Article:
Thompson says a big part of the committee’s work right now focuses on harmonizing between the different standards for equipment and clothing that are used together.
“For example, the face piece of a respirator is made from entirely different materials than the garment itself,” he says. “We’re trying to get those to work together to make sure the protection is consistent between them—so the face piece doesn’t fail before the garment does. The truth is, it’s a complicated thing because the plastic materials available for face pieces don’t have the same characteristics as Kevlar® and Nomex®.”
Raw materials vs. end products
Testing can occur at two levels: raw materials and end products. Some manufacturers test both raw materials and end products; others test only the final product. There are pros and cons for both, says Seemanta Mitra, senior director, global account management and global softlines for Intertek, a global company that provides quality assurance for multiple industries.
“In the first case, the testing cost is higher as two-stage testing is performed: development stage testing and final product testing. However, it provides a higher degree of assurance on the quality of the product,” Mitra says. “In the second case, the testing cost is lower because only the final product testing is performed, but the manufacturer or retailer runs the risk of discovering any testing failure(s) very late in the process.”
“We’ve begun to move from only testing materials toward creating ensemble level specs,” Thompson says. “Because what really counts is how [the end products] work for the human. That would mean a test of a material may be a prerequisite but it may not be adequate to address how the product performs on the human.”
Thompson points out that it’s vital to include a significant number of end users on standards committees, because they will be most affected by how well the product(s) perform.
Streamlining existing standards is challenge enough, but with new products and materials being developed, there is often the need for new standards as well. Because it takes time to develop new standards, often innovations are ready to be rolled out before the appropriate standard is created.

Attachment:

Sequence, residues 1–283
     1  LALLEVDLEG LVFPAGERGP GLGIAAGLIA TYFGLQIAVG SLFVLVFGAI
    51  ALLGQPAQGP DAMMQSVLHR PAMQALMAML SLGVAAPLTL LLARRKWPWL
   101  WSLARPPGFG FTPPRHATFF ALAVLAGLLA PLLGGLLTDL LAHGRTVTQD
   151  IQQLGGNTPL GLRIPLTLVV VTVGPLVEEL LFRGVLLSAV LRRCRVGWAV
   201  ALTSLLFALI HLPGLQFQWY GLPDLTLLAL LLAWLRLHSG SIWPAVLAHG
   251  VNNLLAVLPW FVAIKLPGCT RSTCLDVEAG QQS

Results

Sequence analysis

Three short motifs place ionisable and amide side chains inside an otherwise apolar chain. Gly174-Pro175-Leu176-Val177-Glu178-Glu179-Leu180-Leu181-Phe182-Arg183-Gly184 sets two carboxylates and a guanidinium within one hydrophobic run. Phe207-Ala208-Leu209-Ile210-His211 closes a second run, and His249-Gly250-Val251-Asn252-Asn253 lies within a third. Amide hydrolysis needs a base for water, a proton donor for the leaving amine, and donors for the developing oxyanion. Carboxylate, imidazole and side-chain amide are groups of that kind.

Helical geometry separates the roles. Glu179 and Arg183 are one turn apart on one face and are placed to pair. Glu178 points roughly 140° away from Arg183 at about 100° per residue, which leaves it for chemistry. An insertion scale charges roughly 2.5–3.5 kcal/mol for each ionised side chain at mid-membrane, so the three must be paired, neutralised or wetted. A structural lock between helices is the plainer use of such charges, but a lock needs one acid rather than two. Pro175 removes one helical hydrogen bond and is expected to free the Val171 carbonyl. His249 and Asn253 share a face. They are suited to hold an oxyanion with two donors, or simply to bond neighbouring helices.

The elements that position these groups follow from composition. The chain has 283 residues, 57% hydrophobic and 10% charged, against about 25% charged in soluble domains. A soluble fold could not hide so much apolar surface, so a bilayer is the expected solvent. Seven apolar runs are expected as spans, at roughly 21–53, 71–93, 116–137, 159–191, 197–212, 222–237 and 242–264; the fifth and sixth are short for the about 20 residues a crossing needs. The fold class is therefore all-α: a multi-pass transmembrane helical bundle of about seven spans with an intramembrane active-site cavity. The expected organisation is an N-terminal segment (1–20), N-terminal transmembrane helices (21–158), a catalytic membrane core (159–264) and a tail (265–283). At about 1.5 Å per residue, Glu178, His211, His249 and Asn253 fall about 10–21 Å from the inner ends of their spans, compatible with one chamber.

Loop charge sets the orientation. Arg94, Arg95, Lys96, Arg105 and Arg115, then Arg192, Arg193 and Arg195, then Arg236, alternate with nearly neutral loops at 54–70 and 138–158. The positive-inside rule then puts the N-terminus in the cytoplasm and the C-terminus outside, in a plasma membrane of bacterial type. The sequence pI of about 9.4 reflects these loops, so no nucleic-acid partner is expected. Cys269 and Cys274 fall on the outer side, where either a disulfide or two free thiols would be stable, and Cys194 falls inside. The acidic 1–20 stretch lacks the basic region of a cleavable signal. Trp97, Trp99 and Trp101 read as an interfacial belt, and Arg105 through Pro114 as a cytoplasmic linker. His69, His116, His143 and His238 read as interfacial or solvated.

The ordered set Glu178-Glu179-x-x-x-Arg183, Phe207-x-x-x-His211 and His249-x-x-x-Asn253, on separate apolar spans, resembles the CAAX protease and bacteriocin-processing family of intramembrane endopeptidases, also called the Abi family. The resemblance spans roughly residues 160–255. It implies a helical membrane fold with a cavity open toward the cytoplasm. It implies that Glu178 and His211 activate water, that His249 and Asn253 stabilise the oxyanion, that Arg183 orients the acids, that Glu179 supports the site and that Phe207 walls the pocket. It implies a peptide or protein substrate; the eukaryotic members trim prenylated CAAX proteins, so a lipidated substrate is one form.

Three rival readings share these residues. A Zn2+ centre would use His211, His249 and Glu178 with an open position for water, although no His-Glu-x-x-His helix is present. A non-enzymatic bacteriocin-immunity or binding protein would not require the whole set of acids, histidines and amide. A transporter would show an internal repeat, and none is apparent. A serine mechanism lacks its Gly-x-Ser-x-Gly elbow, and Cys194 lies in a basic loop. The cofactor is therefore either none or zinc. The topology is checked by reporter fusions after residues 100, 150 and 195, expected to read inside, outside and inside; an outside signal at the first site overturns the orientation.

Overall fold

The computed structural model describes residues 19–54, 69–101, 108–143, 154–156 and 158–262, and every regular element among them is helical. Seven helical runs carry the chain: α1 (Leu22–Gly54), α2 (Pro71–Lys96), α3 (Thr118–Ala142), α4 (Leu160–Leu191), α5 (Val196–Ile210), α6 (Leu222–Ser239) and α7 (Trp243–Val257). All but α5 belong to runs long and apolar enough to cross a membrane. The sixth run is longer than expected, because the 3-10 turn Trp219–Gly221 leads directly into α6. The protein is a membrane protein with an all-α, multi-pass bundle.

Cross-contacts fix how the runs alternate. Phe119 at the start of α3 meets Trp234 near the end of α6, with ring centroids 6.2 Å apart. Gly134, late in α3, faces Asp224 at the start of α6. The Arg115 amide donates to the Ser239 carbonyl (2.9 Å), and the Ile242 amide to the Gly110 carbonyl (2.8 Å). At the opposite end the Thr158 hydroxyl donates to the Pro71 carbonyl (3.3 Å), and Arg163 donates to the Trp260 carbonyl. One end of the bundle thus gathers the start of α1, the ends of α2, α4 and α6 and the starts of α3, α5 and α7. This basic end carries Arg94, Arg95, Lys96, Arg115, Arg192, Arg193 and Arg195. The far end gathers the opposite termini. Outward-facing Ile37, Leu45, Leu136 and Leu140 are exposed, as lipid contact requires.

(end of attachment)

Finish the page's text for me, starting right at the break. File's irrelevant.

“On more than one occasion I have had to deal with an innovation that doesn’t fit neatly into the standard,” Kinsler says. “At those times, we have followed the intent of the standard and documented any subtle changes that were needed. Generally, when sitting on standards committees, I try to think outside the box—to write the standard for future innovations. Fortunately, most standards organizations have mechanisms in place to allow for standards to be updated when new innovations appear.”
Mitra points out that another option is for testing laboratories to assist manufacturers to create an “in-house” test standard for innovations when there is no existing standard that applies.
“Some of those in-house test standards may eventually become national test standards adopted by organizations such as ASTM,” Mitra says.
The bottom line is that streamlining standards will likely be an ongoing challenge, because it is the nature of this industry to change and innovate. So, the need for new standards and standards committees will persist as well.
“It all comes through consensus,” Thompson says. “And believe me, there are some battles over things, because sometimes requirement cuts against somebody’s technologies or equipment they’ve already got, or practices they already have. But I think everybody involved has their heart in the right place and is trying to develop the best standards possible.”
Sigrid Tornquist is a St. Paul, Minn.-based freelance writer and editor.